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Russian Baby Girl Names

Russian baby names for girls, long a style backwater, are coming into their own as a fashionable choice. Many of the top supermodels of recent years have been from Russia, Ukraine, and other parts of Eastern Europe and have imported their Russian names along with their willowy beauty. And a recent First Daughter had not one Russian name but two: Sasha Obama's nickname would usually be a short form in Russia for Alexandra, but her proper name was the classic Russian girls' name Natasha.

Along with Sasha and Natasha, other Russian girls’ names in the US Top 1000 include Anastasia, Izabella, Kira, Marina, Tatiana, and Valentina. Other intriguing Russian names for girls include Dominika, Mika, Viveka, and Zoya.

On television, the show The Americans introduced US audiences to Keri Russell's character Elizabeth, whose original Russian name is the extremely exotic Nadezhda. Here are some of the most appealing Russian baby girl names.

  • Alla

    A short form of Alexandra and Alice used everywhere from Russia to Spain. A fresh alternative to Allie.Read More 

  • Amaliya

  • Anastasia

    Anastasia is the feminine form on Anastasius, a Greek name derived from the word anastasis, meaning “resurrection.” It was a common name among early Christians, who often gave it to... Read More 

  • Dariya

  • Dominika

  • Duscha

    Seems like a possible alternative to the more popular Sascha, but middle school life would be difficult for any girl bearing this name in an English-speaking world. Read More 

  • Fanya

    Fanya might make an exotic and unusual short form for the classic Frances, or could stand as a full name on its own. Definitely classier than Tanya but with the same Eastern European flavor.Read More 

  • Feodora

    Feodora is an interesting choice for the intrepid name giver, especially with its dynamic nickname, Feo (pronounced FAY-oh). Read More 

  • Galina

    Commonly used in Russia, has an Old World Slavic feel. The original Galen can be used for girls as well as boys.Read More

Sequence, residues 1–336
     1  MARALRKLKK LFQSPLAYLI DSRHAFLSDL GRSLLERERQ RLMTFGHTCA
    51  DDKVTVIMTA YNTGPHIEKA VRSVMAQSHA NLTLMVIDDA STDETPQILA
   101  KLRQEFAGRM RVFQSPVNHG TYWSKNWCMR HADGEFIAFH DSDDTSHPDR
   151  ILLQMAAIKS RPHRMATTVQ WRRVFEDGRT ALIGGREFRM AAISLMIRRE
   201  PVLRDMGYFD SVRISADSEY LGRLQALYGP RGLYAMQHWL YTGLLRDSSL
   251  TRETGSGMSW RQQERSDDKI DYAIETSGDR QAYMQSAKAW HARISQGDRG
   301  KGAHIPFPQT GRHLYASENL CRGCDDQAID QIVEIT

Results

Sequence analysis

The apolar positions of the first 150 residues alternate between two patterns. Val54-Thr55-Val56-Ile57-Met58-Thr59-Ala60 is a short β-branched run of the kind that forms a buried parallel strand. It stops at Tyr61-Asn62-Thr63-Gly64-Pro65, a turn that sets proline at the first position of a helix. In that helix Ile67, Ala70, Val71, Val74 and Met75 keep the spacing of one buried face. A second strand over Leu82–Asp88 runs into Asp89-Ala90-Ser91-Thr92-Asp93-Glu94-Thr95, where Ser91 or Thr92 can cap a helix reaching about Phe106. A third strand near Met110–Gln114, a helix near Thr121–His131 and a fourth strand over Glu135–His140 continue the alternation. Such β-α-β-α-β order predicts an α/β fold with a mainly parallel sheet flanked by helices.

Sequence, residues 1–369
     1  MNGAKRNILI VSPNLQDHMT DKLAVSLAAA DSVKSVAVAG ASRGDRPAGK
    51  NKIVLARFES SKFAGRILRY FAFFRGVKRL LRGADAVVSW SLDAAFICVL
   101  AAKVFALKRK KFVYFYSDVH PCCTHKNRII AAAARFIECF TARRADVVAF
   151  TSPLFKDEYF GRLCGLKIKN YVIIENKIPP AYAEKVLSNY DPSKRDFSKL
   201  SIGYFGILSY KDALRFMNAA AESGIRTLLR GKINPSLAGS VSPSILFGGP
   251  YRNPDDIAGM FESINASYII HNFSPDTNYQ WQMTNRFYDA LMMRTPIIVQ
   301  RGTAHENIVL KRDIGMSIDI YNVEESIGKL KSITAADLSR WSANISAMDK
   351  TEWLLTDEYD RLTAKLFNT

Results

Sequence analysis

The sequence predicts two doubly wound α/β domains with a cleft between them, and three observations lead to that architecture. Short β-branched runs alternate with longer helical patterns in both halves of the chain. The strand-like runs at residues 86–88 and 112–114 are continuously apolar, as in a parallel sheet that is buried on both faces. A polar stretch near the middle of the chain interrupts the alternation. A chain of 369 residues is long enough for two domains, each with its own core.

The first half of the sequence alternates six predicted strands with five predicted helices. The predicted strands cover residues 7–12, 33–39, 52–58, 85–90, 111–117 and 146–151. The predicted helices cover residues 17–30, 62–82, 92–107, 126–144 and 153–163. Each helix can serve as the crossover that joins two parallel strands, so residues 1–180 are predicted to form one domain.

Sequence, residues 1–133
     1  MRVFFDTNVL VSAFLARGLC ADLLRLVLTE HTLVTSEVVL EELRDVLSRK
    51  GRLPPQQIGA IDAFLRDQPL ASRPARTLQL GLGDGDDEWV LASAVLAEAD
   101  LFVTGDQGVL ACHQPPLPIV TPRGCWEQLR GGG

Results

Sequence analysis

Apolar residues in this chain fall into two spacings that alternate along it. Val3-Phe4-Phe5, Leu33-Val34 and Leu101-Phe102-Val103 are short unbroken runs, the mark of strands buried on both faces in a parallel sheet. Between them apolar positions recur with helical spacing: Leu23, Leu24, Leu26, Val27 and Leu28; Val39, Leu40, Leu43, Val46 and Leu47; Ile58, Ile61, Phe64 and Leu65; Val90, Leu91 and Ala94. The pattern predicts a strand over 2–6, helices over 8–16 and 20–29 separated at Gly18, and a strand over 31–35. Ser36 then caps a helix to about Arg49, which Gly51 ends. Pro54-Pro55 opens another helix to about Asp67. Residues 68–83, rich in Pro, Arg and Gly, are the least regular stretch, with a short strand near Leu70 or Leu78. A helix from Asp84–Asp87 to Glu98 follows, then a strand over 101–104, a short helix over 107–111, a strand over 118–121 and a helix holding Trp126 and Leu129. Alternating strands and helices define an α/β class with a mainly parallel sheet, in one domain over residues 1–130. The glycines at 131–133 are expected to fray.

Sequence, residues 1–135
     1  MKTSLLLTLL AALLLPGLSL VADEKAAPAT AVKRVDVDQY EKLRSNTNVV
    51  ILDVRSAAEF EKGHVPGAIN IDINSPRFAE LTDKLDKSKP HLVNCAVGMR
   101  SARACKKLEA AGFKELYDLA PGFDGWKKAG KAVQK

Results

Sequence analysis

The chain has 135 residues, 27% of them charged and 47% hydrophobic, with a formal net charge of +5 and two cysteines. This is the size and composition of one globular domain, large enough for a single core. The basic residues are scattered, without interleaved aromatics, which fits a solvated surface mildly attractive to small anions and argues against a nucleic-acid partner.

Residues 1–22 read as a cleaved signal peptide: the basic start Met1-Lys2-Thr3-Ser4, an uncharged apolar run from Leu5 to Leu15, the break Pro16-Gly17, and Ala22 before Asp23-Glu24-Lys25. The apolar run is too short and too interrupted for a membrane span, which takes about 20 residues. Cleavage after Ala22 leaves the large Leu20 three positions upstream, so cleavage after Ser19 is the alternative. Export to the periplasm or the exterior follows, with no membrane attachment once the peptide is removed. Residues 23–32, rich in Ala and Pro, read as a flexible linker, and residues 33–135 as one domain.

• Ivanna

    Ivanna / Ivana both come out of the name "John" by way of the Russian variant Ivan. Whereas Joanna feels dated, Ivanna feels cosmopolitan and fresh. Ivanka (of Trump fame) is a diminutive version... Read More 

  • Izabella

    Parents seeking a way to differentiate their Isabella from all the others could consider this zippier spelling. It does have the jazzy nickname Izzy.Read More 

  • Jelena

    Pretty, but in this country it might simplify a child's life to use Helena or Elena. Read More 

  • Jelina

    Another version of Jelena, both Eastern European relatives of Helen.Read More 

  • Katarina

    The Russian version of Katherine is usually Ekaterina, but this Slovak form is used throughout Eastern Europe and may be more friendly to the American ear.Read More 

  • Kira

    Though such cognates of Kira as Keira, Kyra, and Ciara are evermore popular throughout Europe and in the U.S., this Cyrus relative has a different root. Variations include Keera, Kiera, Kierra,... Read More 

  • Larisa

    This version of the name of a Greek nymph, based on the ancient city of Larisa, is widely used in Russia thanks to a martyr saint venerated by the Eastern Church.Read More 

  • Luiza

    Luiza livens up Louisa. The insertion of the letter "Z" adds a lot more pizzazz.Read More 

  • Marina

    This pretty sea-born name was used to dramatic effect by Shakespeare in his play Pericles for the virtuous princess who says she is "Call'd Marina, for I was born at sea."... Read More 

  • Mariya

    Russian, Ukrainian and Bulgarian version of Maria sure to cause a lifetime of spelling questions and pronunciation mistakes.Read More 

  • Marya

    The final a adds a lot of style. Read More 

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